The patent protection and patent prosecution for some of our testing products may be dependent on third parties.
We or our licensors may fail to identify patentable aspects of inventions made in the course of development and commercialization activities before it is too late to obtain patent protection on them. Therefore, we may miss potential opportunities to strengthen our patent position. It is possible that defects of form in the preparation or filing of our patents or patent applications may exist, or may arise in the future, for example with respect to proper priority claims, inventorship, claim scope, or requests for patent term adjustments. If we or our licensors, whether current or future, fail to establish, maintain or protect such patents and other intellectual property rights, such rights may be reduced or eliminated. If our licensors are not fully cooperative or disagree with us as to the prosecution, maintenance or enforcement of any patent rights, such patent rights could be compromised. If there are material defects in the form, preparation, prosecution, or enforcement of our patents or patent applications, such patents may be invalid and/or unenforceable, and such applications may never result in valid, enforceable patents. Any of these outcomes could impair our ability to prevent competition from third parties, which may have an adverse impact on our business.
As a licensee of third parties, we rely on third parties to file and prosecute patent applications and maintain patents and otherwise protect the licensed intellectual property under some of our license agreements. We have not had and do not have primary control over these activities for certain of our patents or patent applications and other intellectual property rights. We cannot be certain that such activities by third parties have been or will be conducted in compliance with applicable laws and regulations or will result in valid and enforceable patents or other intellectual property rights. Pursuant to the terms of the license agreements with some of our licensors, the licensors may have the right to control enforcement of our licensed patents or defense of any claims asserting the invalidity of these patents and even if we are permitted to pursue such enforcement or defense, we will require the cooperation of our licensors. We cannot be certain that our licensors will allocate sufficient resources or prioritize their or our enforcement of such patents or defense of such claims to protect our interests in the licensed patents. Even if we are not a party to these legal actions, an adverse outcome could harm our business because it may permit other parties to compete with us If any of our licensors or any of our future licensors or future collaborators fail to appropriately prosecute and maintain patent protection for patents covering any of our testing products, our ability to develop and commercialize those testing products may be adversely affected and we may not be able to prevent competitors from making, using and selling competing products.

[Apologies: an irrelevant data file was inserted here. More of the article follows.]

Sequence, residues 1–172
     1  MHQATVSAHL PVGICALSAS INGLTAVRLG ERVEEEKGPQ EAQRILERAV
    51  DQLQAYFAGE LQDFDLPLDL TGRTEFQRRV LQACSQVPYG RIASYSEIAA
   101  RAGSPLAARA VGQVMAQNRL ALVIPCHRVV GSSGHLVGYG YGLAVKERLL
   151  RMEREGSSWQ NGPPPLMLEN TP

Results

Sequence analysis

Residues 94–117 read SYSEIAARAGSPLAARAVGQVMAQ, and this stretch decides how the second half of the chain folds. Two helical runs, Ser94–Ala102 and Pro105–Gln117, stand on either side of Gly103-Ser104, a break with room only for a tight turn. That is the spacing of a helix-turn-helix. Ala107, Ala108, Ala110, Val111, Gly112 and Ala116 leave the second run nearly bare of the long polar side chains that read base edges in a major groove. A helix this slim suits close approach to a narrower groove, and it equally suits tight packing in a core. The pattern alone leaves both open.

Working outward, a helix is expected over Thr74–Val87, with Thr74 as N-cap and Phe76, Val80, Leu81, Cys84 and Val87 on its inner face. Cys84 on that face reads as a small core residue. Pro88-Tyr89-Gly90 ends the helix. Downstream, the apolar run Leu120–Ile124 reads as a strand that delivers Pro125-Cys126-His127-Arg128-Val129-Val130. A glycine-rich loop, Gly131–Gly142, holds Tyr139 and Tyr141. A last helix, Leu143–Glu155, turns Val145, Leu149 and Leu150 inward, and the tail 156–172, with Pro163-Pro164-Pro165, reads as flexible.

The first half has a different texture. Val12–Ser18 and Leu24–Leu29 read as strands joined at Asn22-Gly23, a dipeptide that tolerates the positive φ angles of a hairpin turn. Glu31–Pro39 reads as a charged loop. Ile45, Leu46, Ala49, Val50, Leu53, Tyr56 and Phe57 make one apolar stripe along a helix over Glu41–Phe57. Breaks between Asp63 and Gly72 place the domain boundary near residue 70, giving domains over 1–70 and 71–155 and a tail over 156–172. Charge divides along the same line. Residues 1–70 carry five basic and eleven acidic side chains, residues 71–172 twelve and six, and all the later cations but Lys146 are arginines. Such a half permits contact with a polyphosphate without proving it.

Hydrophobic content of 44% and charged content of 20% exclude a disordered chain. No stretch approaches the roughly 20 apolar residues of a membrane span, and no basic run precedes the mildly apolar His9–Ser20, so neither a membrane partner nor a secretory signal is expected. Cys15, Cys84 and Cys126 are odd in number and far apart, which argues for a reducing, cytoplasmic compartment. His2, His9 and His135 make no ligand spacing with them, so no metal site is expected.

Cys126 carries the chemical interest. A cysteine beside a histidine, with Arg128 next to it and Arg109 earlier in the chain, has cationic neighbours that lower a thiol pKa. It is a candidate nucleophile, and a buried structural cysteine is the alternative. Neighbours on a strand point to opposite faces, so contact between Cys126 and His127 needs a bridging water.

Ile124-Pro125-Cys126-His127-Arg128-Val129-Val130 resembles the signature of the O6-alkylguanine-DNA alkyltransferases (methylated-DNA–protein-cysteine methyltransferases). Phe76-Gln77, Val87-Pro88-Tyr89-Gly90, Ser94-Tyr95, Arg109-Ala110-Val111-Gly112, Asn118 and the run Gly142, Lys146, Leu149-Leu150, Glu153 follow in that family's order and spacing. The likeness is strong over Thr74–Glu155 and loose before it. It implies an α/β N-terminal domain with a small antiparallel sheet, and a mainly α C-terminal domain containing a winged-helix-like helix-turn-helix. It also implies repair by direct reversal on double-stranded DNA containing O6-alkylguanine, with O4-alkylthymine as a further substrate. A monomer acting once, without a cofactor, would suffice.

In addition, even where we have the right to control patent prosecution of patents and patent applications we have acquired or licensed from third parties, we may still be adversely affected or prejudiced by actions or inactions of our predecessors or licensors and their counsel that took place prior to us assuming control over patent prosecution.
Our technology acquired or licensed from various third parties may be subject to retained rights. Our predecessors or licensors often retain certain rights under their agreements with us, including the right to use the underlying technology for noncommercial academic and research use, to publish general scientific findings from research related to the technology, and to make customary scientific and scholarly disclosures of information relating to the technology. It is difficult to monitor whether our predecessors or licensors limit their use of the technology to these uses, and we could incur substantial expenses to enforce our rights to our licensed technology in the event of misuse.
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If we are limited in our ability to utilize acquired or licensed technologies, or if we lose our rights to critical in-licensed technology, we may be unable to successfully develop, out-license, market and sell our testing products, which could adversely affect our business. Our business strategy depends on the successful development of licensed and acquired technologies into commercial products. Therefore, any limitations on our ability to utilize these technologies may impair our ability to develop, out-license or market and sell our testing products.
If we fail to comply with our obligations in the agreements under which we license intellectual property rights from third parties or otherwise experience disruptions to our business relationships with our licensors, we could lose license rights that are important to our business.